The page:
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Black Identity: Response to Our Reviewers

Black Identity: Response to Our Reviewers Journal of Social Distress and the Homeless, Vol. 5, No. 3, 1996 1 2 1 1 Salomon Rettig, • Daniel Latendresse, and Michelle Smith First we wish to express our deeply felt gratitude to the reviewers of our study of the role of Black identity in the verdict of the 0. J. Simpson trial. Their reviews are presented not only in a most scholarly fashion, but are also most accurate. There are practically no significant differences be­ tween their views and ours on both the traditional perspective (the so called received view) in academic psychology, as well as the need for its corrective, especially when engaging in the experimental study of human behavior in the laboratory. The senior author has attempted to rigorously follow its precepts for more than 40 years and is still continuing to do so. However, in the study of Black Identity, we were confronted with a different issue, a potentially major social problem in interethnic communication and under­ standing. Hence my students and I tried a different, non-experimental mode of inquiry which seemed promising under the critical and highly sen­ sitive circumstances we were faced with. To clarify the origin of the present, so radically http://www.deepdyve.com/assets/images/DeepDyve-Logo-lg.png Journal of Social Distress and Homeless Taylor & Francis

Black Identity: Response to Our Reviewers

Black Identity: Response to Our Reviewers

Abstract

Journal of Social Distress and the Homeless, Vol. 5, No. 3, 1996 1 2 1 1 Salomon Rettig, • Daniel Latendresse, and Michelle Smith First we wish to express our deeply felt gratitude to the reviewers of our study of the role of Black identity in the verdict of the 0. J. Simpson trial. Their reviews are presented not only in a most scholarly fashion, but are also most accurate. There are practically no significant differences be­ tween their views and ours on both the traditional...
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Publisher
Taylor & Francis
Copyright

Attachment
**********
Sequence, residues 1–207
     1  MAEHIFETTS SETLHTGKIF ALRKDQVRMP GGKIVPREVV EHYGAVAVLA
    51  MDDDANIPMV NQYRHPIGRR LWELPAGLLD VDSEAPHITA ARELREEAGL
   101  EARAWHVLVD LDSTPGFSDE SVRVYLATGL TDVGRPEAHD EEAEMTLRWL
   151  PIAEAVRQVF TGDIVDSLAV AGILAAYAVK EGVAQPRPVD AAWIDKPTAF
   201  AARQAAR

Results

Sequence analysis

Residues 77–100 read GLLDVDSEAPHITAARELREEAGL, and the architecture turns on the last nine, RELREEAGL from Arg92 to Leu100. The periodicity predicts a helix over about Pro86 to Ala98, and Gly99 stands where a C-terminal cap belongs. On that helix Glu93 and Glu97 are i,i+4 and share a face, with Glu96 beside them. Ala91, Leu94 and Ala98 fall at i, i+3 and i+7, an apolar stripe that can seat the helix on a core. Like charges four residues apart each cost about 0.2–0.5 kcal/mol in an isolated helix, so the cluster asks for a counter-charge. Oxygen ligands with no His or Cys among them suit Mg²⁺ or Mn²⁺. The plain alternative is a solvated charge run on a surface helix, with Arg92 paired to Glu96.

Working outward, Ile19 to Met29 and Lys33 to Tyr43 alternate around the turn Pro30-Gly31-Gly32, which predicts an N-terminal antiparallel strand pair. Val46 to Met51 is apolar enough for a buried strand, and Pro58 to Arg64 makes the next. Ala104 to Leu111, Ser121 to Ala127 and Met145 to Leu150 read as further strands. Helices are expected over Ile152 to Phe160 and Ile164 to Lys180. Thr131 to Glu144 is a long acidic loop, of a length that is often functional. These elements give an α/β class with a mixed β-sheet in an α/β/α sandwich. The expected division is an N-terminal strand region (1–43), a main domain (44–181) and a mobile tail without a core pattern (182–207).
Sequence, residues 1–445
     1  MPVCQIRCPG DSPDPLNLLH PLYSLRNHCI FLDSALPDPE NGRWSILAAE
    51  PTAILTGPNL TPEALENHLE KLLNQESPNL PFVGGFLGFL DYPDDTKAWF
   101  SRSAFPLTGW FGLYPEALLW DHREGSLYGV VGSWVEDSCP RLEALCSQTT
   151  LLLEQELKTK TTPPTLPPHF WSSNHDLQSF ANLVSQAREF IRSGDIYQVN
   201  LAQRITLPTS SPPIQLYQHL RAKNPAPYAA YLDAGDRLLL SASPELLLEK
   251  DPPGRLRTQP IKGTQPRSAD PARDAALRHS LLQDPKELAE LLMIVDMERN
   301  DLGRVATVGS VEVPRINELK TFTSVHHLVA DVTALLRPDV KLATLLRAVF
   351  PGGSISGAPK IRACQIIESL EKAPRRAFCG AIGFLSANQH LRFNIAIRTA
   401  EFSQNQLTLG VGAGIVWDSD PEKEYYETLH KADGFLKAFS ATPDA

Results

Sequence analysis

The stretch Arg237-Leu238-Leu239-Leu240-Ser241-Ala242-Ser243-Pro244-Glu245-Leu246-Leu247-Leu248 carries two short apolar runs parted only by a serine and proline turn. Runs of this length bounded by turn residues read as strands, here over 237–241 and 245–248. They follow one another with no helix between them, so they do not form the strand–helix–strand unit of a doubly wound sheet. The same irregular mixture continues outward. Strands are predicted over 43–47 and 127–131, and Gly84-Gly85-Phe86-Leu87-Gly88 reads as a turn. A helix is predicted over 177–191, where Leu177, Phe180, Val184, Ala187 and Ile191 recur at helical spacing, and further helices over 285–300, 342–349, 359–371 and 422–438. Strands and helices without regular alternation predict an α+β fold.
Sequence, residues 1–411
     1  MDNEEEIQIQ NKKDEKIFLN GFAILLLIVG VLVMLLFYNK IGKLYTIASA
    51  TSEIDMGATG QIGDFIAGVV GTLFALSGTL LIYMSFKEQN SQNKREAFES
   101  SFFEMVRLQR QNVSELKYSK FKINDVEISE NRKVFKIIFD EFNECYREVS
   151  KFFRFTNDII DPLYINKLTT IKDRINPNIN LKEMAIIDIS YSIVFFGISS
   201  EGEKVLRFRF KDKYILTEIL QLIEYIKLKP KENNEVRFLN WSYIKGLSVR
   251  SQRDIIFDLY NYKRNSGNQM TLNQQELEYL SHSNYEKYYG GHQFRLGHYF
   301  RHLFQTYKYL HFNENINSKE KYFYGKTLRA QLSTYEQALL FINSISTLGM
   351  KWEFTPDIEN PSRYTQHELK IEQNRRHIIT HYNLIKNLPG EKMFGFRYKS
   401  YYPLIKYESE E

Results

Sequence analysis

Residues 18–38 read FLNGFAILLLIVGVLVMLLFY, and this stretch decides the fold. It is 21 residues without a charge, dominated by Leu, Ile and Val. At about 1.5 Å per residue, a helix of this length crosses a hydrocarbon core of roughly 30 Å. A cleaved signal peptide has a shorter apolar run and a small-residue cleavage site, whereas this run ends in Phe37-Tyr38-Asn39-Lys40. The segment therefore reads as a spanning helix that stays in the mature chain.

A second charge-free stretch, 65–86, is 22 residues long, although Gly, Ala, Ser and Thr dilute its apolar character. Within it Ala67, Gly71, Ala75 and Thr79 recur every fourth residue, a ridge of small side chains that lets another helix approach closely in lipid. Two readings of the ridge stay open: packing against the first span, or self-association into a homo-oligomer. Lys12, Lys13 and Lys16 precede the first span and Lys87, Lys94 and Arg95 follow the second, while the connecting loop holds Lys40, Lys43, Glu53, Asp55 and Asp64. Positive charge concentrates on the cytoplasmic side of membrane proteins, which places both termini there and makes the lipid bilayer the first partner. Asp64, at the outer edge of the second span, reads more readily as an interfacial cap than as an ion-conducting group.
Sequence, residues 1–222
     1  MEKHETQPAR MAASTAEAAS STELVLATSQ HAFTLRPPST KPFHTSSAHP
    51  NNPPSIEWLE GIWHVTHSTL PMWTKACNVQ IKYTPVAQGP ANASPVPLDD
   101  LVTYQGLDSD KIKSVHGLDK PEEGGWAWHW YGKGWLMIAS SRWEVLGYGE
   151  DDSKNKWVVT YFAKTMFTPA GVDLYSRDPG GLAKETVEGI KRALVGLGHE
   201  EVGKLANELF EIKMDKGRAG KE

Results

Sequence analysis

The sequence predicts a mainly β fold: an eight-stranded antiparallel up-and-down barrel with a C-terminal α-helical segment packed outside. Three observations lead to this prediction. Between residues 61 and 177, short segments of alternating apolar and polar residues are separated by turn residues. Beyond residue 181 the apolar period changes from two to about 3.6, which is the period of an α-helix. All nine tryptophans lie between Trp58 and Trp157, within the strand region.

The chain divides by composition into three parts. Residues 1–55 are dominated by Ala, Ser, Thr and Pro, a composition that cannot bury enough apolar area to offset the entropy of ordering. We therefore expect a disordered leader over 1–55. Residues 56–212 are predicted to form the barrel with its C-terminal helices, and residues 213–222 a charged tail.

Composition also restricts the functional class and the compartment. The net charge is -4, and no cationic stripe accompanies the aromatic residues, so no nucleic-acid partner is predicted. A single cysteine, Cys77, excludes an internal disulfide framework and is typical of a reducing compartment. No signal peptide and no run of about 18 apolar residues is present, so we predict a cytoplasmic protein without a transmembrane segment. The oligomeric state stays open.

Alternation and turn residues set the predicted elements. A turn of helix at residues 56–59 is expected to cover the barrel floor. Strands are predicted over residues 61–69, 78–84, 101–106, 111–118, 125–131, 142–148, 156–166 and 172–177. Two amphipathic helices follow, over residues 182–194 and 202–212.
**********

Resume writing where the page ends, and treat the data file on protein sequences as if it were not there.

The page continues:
Copyright 1996 Taylor and Francis Group LLC
ISSN
1573-658X
eISSN
1053-0789
DOI
10.1007/BF02091657
Publisher site
See Article on Publisher Site

Abstract

Journal of Social Distress and the Homeless, Vol. 5, No. 3, 1996 1 2 1 1 Salomon Rettig, • Daniel Latendresse, and Michelle Smith First we wish to express our deeply felt gratitude to the reviewers of our study of the role of Black identity in the verdict of the 0. J. Simpson trial. Their reviews are presented not only in a most scholarly fashion, but are also most accurate. There are practically no significant differences be­ tween their views and ours on both the traditional perspective (the so called received view) in academic psychology, as well as the need for its corrective, especially when engaging in the experimental study of human behavior in the laboratory. The senior author has attempted to rigorously follow its precepts for more than 40 years and is still continuing to do so. However, in the study of Black Identity, we were confronted with a different issue, a potentially major social problem in interethnic communication and under­ standing. Hence my students and I tried a different, non-experimental mode of inquiry which seemed promising under the critical and highly sen­ sitive circumstances we were faced with. To clarify the origin of the present, so radically

Journal

Journal of Social Distress and HomelessTaylor & Francis

Published: Jan 1, 1996

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